And you have to give those people clarity around the company’s ambition—which, in this case, is to be a leading global brewer (by profitability) and delight the world’s beer drinkers with its brands. To delight, however, requires a new mindset, a challenger mindset. Molson Coors employees needed a compass..
A key tool in the effort was the creation of a campaign called Our Brew, captured in a 38-page guide given to every employee. The Our Brew guide puts company strategies and goals into “pub talk,” with illustrations and clear language, instead of framing them in 500 pages of corporate jargon. Pub talk gets rid of legalese and cliché. “We don’t talk about our ‘mission’,” says Swinburn. “We talk about ‘what we will do’.” When there’s a problem, employees “Decide and Do”; they don’t “Analyze to Death.” Swinburn says he often sees people take piles of papers back to their desks to translate complicated decisions into a page or two of pub talk. “It was picked up so quickly by the organization, it blew me away.”
Our Brew did more than just engage employees. It established momentum by “giving people the permission” to challenge the expected, says Swinburn, which provided him with an early indicator of the organization’s capacity for doing so. In that way, Our Brew was an invaluable tool for validating the framework that best supported innovation and a culture of execution within Molson Coors. (Swinburn’s modest about his own role, though: “If I’m going to have an impact, it’s to inspire people, communicate with them, and believe in them. People arrive at the mission on their own.”)
‘A Culture Where People Challenge the Norm’
Swinburn has been in the beer business for nearly 40 years. He got his start in England, where he was born and raised in working-class housing outside Cardiff, Wales. His father was a World War II vet who survived three torpedo attacks on three different vessels (“He was not the most popular person on the boat,” jokes Swinburn), and his mother taught him self-sufficiency early on with skills like ironing and sewing.
Swinburn’s first job was selling Bass beer to pubs and union halls in Birmingham. He even delivered the beer when necessary, often finding himself loading it into the trunk of his car. John Clements, Molson Coors field sales director in the UK, says these experiences give Swinburn a unique eye as a boss. “When Peter is in town, nothing needs to change,” says Clements. “He doesn’t want to see things dressed up. Where I’ve worked before, everything gets a lick of paint and smells of air freshener. It’s not like that with Peter.”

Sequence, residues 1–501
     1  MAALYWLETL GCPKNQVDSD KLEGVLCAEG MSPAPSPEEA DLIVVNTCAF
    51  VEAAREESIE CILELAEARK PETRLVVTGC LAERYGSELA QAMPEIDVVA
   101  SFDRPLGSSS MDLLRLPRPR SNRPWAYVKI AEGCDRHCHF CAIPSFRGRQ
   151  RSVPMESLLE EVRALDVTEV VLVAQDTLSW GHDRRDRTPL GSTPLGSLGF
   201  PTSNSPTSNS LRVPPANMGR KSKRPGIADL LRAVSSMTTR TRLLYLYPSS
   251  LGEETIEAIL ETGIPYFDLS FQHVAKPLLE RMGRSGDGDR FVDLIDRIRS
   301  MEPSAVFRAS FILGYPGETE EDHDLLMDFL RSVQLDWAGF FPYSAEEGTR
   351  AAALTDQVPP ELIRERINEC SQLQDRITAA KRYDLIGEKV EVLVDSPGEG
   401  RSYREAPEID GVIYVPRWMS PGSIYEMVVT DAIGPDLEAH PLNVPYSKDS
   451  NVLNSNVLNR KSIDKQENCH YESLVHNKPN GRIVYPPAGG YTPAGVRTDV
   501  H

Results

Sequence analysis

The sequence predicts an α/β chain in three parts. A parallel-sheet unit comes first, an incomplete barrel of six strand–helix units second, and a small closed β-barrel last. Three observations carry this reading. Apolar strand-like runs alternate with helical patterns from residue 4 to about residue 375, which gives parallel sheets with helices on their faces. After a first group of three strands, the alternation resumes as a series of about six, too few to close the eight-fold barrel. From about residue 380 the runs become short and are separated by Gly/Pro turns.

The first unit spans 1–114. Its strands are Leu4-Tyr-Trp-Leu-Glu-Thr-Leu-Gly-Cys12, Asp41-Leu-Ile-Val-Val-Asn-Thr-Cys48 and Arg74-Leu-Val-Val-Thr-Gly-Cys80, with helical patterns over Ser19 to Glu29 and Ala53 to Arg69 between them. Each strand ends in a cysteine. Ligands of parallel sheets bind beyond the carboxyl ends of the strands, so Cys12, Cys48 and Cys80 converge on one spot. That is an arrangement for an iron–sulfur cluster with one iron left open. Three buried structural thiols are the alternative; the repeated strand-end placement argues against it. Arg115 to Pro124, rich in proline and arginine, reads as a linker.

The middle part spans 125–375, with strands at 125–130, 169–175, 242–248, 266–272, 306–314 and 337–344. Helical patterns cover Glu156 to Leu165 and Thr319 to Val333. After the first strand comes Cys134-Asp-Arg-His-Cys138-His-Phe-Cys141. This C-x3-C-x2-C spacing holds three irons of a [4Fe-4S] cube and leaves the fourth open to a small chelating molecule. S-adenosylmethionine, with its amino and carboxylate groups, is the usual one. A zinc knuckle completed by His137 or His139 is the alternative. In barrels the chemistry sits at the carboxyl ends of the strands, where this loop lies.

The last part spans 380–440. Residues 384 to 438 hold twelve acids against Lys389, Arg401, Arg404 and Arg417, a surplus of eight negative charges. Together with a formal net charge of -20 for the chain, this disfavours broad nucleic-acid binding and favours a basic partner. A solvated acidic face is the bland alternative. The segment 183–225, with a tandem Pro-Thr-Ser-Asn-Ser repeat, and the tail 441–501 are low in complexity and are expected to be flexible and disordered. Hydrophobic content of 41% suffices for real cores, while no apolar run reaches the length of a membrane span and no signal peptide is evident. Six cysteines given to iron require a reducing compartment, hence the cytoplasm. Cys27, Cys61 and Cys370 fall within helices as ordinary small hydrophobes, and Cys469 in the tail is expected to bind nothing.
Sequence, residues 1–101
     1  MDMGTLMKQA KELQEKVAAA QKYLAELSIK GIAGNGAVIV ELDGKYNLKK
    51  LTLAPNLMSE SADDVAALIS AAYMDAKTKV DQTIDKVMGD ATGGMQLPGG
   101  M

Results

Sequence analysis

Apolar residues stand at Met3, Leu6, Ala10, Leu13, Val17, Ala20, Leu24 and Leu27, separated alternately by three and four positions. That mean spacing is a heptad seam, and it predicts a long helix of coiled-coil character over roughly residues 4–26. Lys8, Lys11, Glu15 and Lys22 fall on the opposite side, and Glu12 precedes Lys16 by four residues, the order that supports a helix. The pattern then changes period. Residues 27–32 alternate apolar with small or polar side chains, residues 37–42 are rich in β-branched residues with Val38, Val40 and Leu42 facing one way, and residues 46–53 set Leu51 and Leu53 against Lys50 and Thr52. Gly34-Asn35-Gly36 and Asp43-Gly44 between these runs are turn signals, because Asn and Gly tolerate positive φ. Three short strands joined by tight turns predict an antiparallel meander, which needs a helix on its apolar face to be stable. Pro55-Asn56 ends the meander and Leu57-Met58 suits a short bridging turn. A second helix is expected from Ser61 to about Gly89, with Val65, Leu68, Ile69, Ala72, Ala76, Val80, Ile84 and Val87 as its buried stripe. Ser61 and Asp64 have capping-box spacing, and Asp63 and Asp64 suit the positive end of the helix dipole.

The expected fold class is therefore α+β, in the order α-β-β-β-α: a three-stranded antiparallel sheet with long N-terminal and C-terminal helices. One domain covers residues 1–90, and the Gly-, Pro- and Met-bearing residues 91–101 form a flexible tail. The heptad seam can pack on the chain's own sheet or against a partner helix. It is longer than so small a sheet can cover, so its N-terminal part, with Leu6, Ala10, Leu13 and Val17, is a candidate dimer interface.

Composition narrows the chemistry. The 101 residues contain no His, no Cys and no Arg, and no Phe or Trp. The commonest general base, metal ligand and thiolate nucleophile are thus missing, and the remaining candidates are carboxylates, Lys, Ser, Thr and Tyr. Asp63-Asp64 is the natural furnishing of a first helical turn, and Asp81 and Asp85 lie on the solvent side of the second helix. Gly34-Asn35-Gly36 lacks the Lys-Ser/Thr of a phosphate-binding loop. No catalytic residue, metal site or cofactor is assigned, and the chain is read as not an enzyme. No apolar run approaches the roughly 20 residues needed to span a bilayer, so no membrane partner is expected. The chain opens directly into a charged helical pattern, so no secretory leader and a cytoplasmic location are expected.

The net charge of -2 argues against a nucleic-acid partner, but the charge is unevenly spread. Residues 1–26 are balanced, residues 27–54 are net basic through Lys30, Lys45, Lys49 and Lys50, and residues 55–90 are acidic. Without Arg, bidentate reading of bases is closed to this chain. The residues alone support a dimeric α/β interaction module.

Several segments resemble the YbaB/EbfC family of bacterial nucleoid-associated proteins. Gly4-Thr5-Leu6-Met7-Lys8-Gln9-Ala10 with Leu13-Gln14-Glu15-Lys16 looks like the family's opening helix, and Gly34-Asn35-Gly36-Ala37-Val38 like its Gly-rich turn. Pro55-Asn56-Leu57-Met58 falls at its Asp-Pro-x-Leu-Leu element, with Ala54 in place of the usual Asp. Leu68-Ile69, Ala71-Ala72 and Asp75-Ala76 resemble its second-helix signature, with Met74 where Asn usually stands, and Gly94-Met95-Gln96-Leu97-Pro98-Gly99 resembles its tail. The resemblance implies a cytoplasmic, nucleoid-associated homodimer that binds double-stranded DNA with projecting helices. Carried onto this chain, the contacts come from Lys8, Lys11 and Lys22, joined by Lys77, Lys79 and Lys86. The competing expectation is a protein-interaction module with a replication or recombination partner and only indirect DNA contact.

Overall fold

As Bass’s sales director, Swinburn laid the groundwork for the kind of innovating he’s doing today. Dave McCarthy, Molson Coors’s chief commercial officer for Europe and the Middle East, who has worked with Swinburn for 15 years, says Swinburn oversaw a program to help pub owners write business plans and get loans. McCarthy helped one pub attract more families by lending it money for an outdoor beer garden. By supporting Our Brew, Swinburn has again sent “a clear signal that he is expecting fresh thinking,” says McCarthy.
He’s getting it. After rolling out Our Brew in February 2009, Molson Coors reached its three-year goal for employee engagement—improved morale, retention, and promotion rates—in just 12 months. Employees also report a rising comfort level with “challenging the expected.” “Innovation isn’t just around product,” says Swinburn. “The core theme of Our Brew is challenging the expected. We are trying to have a culture where people challenge the norm.”